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William G. Dressel Jr, Executive Director - Michael J. Darcey, CAE, Asst Executive Director
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Legal Q & A


Local Traffic Regulations
and the Hotel/Motel Tax

Deborah M. Kole
League Staff Attorney
Deborah M. Kole, League Staff Attorney

Q Do municipalities now have more control over establishing local traffic regulations? I am on our local governing body, and my colleagues tell me that we can now adopt certain traffic ordinances and resolutions without prior approval by the New Jersey Department of Transportation. Is this true? If so, which regulations can be established this way, and what is the procedure?

A In 2004, N.J.S.A. 39:4-8 was amended by P.L.2004, Chapter 169 to give local governments more control over traffic in their communities. Under the revised law, certain traffic regulations can be established by a municipality without the approval of the Department of Transportation. These include the following on self-contained streets: stop signs, four-way stops, no passing zones, mid-block crosswalks and parking regulations. A “self-contained” municipal street does not cross the municipal boundary into another municipality. Furthermore, DOT approval is no longer required for the establishment of speed limits on any municipal street, even if the street continues in another municipality.

To use this expanded municipal power, the municipality has to adopt an ordinance or a resolution. An ordinance is required to establish a stop sign, a four-way stop, a mid-block crosswalk or parking regulations. For a no passing zone, a resolution is necessary.

Within 30 days of the adoption of the ordinance or resolution, three things must be submitted to the DOT: 1) a certified copy of the adopted ordinance or resolution, 2) the municipal engineers certification (with P.E. seal) stating that the traffic regulation is in the “interest of safety and expedition of traffic,” and 3) the appropriate supporting data used by the municipal engineer to make this certification.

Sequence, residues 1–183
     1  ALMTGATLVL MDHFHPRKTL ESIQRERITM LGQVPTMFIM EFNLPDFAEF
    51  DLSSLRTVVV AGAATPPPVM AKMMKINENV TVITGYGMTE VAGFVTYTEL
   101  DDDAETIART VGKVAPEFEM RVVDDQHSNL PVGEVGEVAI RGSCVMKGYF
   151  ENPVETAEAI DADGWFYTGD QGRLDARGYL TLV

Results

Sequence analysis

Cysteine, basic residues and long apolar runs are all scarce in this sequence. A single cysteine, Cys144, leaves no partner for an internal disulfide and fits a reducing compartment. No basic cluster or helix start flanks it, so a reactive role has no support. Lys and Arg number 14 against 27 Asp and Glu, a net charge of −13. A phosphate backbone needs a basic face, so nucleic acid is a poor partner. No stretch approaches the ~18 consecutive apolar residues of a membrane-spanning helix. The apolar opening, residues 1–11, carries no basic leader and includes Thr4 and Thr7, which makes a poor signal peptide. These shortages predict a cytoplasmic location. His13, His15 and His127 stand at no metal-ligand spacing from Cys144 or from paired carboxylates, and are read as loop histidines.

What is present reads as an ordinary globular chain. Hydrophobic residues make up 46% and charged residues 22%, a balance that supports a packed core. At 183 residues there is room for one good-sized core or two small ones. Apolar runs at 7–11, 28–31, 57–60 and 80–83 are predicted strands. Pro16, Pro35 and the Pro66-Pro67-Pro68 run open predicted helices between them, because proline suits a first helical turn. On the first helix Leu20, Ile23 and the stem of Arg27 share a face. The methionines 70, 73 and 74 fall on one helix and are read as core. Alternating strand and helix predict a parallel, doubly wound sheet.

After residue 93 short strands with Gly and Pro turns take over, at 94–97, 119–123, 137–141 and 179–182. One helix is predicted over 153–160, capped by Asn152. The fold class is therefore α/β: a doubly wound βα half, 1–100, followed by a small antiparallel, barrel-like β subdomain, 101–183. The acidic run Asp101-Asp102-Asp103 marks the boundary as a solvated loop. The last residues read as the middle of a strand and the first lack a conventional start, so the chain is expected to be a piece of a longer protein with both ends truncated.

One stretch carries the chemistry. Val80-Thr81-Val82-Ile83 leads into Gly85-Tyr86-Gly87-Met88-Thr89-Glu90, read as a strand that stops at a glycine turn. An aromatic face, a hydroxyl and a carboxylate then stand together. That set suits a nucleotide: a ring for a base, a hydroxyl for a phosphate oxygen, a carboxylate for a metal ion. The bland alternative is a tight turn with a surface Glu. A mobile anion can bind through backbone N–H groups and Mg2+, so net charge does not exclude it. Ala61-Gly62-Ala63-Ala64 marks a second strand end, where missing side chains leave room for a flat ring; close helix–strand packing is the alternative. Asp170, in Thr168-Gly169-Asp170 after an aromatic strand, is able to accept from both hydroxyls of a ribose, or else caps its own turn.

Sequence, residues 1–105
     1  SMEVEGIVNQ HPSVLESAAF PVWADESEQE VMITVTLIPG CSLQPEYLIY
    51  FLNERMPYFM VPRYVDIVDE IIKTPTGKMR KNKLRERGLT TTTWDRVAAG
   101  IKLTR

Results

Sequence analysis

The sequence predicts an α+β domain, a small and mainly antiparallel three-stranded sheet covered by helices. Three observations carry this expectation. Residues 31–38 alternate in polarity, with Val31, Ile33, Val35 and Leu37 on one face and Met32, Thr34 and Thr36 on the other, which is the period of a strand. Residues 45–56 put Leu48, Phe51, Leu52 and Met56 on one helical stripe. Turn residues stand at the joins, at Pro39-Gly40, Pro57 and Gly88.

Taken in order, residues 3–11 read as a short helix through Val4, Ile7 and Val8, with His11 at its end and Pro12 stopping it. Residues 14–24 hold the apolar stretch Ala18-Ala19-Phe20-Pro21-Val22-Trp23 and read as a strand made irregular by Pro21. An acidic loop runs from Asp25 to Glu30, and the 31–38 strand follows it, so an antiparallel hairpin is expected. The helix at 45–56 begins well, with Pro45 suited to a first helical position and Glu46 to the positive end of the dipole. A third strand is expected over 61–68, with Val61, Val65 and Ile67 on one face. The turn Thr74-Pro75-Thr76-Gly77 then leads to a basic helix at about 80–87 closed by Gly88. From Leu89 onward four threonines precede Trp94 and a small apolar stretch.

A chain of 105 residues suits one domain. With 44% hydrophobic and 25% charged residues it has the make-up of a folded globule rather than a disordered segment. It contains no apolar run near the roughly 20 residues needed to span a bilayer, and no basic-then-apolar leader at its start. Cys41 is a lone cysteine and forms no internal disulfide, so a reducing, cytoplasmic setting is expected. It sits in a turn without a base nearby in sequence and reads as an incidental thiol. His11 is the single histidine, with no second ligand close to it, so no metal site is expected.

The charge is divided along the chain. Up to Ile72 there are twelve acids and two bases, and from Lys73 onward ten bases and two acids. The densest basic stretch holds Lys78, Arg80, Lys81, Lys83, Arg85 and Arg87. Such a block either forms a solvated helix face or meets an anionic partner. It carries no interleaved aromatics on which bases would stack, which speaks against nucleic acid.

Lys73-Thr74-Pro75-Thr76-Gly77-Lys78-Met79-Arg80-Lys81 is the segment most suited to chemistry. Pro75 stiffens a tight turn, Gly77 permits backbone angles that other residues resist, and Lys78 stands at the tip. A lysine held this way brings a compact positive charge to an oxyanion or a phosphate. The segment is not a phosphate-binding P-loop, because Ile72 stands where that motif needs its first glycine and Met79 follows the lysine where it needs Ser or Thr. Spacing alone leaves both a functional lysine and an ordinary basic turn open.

The commissioner of the DOT, at his or her discretion, may invalidate the provisions of the ordinance or resolution within 90 days of receipt of the certified copy if he or she reviews it and finds that the provisions are inconsistent with the Manual of Uniform Traffic Control Devices for Streets or Highways; are inconsistent with accepted engineering standards; are not based on the results of an accurate traffic and engineering survey; or place an undue traffic burden or impact on streets in an adjoining municipality or negatively affect the flow of traffic on the state highway system.


The law has also changed with regard to the establishment of stop signs on contiguous streets within 500 feet of a school, playground or youth recreational facility. Although the placement of such signs must be established by adoption of an ordinance or resolution, like all traffic regulations, the law does not require anything to be submitted to the DOT after the adoption. Streets are contiguous for these purposes if the school, playground or youth recreational facility is located directly on one of the intersecting streets. The engineer must certify that the facility is within 500 feet of the intersection where the stop sign is going to be installed and that it is on one of the two contiguous roads. Stop signs installed under the provision allowing their installation within 500 feet of a school, playground or youth recreational facility do not have to meet any of the Manual on Uniform Traffic Control Devices (MUTCD) Standards.

Q I am a council member, and we are considering finally adopting a hotel/motel tax ordinance, but we are confused as to how long after adoption such an ordinance will become effective. I always thought it took 30 days after adoption for it to take effect, but one of my colleagues thinks that the rule has changed. Is this true?

A Yes, the timeline has changed from what it was when the hotel/motel occupancy tax first was enacted. For municipalities adopting Hotel/Motel Occupancy Tax ordinances on and after January 1, 2004, the effective date for the occupancy tax is 90 days after transmittal of the adopted ordinance to the New Jersey Treasurer. This transmittal should be made by sending the adopted ordinance to:

New Jersey Department of the Treasury
Division of Taxation
Audit Services
PO Box 264
Trenton, NJ 08695-0264

Therefore, in order to have an effective date of February 1, 2007, the adopted ordinance must be received by the Division of Taxation by Monday, October 30, 2006


This column is for informational purposes only, and is not intended as legal advice.


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